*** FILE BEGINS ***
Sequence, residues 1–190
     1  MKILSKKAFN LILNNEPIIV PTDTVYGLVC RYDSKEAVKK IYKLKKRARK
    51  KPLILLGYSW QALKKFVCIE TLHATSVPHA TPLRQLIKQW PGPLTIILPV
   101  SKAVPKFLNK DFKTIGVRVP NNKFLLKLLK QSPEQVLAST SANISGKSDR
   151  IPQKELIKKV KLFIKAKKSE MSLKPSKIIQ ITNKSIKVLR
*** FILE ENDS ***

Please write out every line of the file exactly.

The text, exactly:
Sequence, residues 1–190
     1  MKILSKKAFN LILNNEPIIV PTDTVYGLVC RYDSKEAVKK IYKLKKRARK
    51  KPLILLGYSW QALKKFVCIE TLHATSVPHA TPLRQLIKQW PGPLTIILPV
   101  SKAVPKFLNK DFKTIGVRVP NNKFLLKLLK QSPEQVLAST SANISGKSDR
   151  IPQKELIKKV KLFIKAKKSE MSLKPSKIIQ ITNKSIKVLR